There’s plenty of advice out there that says “Hey, you’ve just started working, it’s best you get a brand new car because they're reliable and cheaper to maintain!" Don’t get us wrong, it's a very valid opinion.
But what if you’re 'the 10th dentist'? Perhaps you want to eschew the monthly commitments and just plonk the cash for an older car that'll still take you around reliably.
For that, the 2003-2007 Toyota Vios (NCP42) remains a very viable option.
While I own one, here's an unbiased account of:
- What you should look out for when scouting for one
- The costs you should expect
- The fun stuff - communities and aftermarket parts
Variants, powertrain and practicality
The Vios comes with a 1.5-litre, naturally aspirated inline-four engine (code: 1NZ-FE) making 109 PS and 142 Nm, paired to a four-speed automatic. Suspension is MacPherson struts in front, and torsion beam behind. If you get the G variant, you get disc brakes all around.
Speaking of which, there’s only two variants, and both have the same powertrain. Fuel consumption is still respectable - with a light foot, 500-650 km on a full (42-litre) tank is possible.
The G variant is a better buy because you'll get:
- Anti-lock braking system with electronic brake force distribution (ABS, EBD)
- Disc brakes all-around
- 15-inch wheels
- Two airbags
- 2-DIN audio (easier to buy aftermarket systems)
- 6 speakers
- Electronically-adjustable side mirrors
Regardless of what you choose though, you'll only get a 400-litre boot, fabric seats and non-foldable rear seats. At least there's a full-size 15-inch spare.
The Orca/Orga (different Vios get different fish names) is a compact sedan. As such, it isn't any more imposing to drive and park than a Perodua Axia, for example.
It got a small nip-and-tuck in 2005 which mostly covered aesthetics, but nothing was touched mechanically.
The facelifted models get a new front fascia, slightly updated tail lights, stubbier antenna and different wheels. The interior stays the same, if only for a colour change (black/grey to cream/beige).
You might want to spring for the facelifted one by merit of it being relatively newer.
What to look out for?
The first Vios is still a mighty dependable car, so there are some obvious red flags you should avoid:
- Difficulty starting
- Jerky gear shifts
- Clunky, metallic noises while idling/driving
- White smoke (burning engine oil)
- Crashed or flooded examples
Some examples might have steering rack and lower arm issues (try what's shown in the video above and make sure that sound isn't present). Also, the dampers may need replacing at this age.
It’s also good practice to keep some money aside for alternator repair/replacement, but this is valid for any used car more than 10 years old.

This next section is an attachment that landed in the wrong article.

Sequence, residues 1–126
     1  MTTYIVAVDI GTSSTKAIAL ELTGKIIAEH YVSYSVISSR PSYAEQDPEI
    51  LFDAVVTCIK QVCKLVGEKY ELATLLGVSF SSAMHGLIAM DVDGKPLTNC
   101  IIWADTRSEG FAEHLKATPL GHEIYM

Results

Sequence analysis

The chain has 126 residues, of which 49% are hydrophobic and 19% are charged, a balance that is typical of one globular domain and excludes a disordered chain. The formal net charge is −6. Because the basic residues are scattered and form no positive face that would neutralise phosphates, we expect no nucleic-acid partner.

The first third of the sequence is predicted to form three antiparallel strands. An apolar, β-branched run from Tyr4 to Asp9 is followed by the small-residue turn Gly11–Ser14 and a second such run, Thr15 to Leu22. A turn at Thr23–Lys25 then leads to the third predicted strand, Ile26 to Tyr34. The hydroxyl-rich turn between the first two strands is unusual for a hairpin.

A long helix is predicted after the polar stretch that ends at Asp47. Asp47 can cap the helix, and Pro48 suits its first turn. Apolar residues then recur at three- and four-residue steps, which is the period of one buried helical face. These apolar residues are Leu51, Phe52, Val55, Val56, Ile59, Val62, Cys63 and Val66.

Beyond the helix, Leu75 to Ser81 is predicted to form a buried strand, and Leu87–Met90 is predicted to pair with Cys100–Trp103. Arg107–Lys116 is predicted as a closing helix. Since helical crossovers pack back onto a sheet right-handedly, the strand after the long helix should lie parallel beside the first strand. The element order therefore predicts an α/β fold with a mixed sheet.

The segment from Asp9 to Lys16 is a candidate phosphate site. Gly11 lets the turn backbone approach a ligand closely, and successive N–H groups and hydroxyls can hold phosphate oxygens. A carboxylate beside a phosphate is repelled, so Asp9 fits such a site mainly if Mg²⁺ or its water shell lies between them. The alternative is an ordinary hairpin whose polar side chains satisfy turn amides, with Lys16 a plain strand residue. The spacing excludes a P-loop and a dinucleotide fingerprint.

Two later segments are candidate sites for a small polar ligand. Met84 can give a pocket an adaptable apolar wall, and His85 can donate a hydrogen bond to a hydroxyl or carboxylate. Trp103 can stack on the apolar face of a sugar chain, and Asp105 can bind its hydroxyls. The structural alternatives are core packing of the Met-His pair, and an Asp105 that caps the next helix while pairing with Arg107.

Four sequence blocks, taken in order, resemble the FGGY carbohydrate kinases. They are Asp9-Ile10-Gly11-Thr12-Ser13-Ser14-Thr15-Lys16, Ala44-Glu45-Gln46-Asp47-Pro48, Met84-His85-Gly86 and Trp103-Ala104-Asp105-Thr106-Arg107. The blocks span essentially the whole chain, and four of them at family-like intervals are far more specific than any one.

Keep an eye on rust spots too - under the boot is a common culprit. Water tends to seep in due to deteriorating rubber seals, but that's easily fixable with replacement seals (around RM 100).
This generation of Vios was also part of the worldwide Takata airbag recall campaign. Make sure the front passenger airbag has been replaced and you get the car's full maintenance records.
Maintaining an early Vios isn’t expensive. Road tax is RM 90 and yearly insurance is around RM 800 (zero NCD, zero loading and excluding additional coverage i.e. windshield or flood coverage).
Parts are a dime a dozen and there’s tons of shops out there who can fix up your Vios. The battery size is NS60L, so that will set you back around RM 220 for replacement. Other than that, the Vios runs on 15- or 16-inch wheels, and you can find tyre prices here.
Prices - around RM 15k - RM 18k
Pre-facelifts can be yours for around RM 15,000 while facelifted ones go for around RM 18,000.
Remember, classified prices aren’t final due to hidden fees, so try to buy from trustworthy private sellers - of which there’s plenty of them on Facebook.
Communities and aftermarket
You'll never be left wanting for communities as the Vios has quite a steady following with tons of groups on social media.
If modifications are your thing, you’ll be happy to note that it’s a lively scene there too - anything from bodykits, accessories, and even whole powertrain swaps (2ZZ-GE with 6-speed manuals are a thing).
Getting a first-gen Vios (in good nick) is not a bad way to start your motoring journey. Just remember to keep in mind the crucial stuff you've read here, buy it from someone trustable, and you'll be well on your way.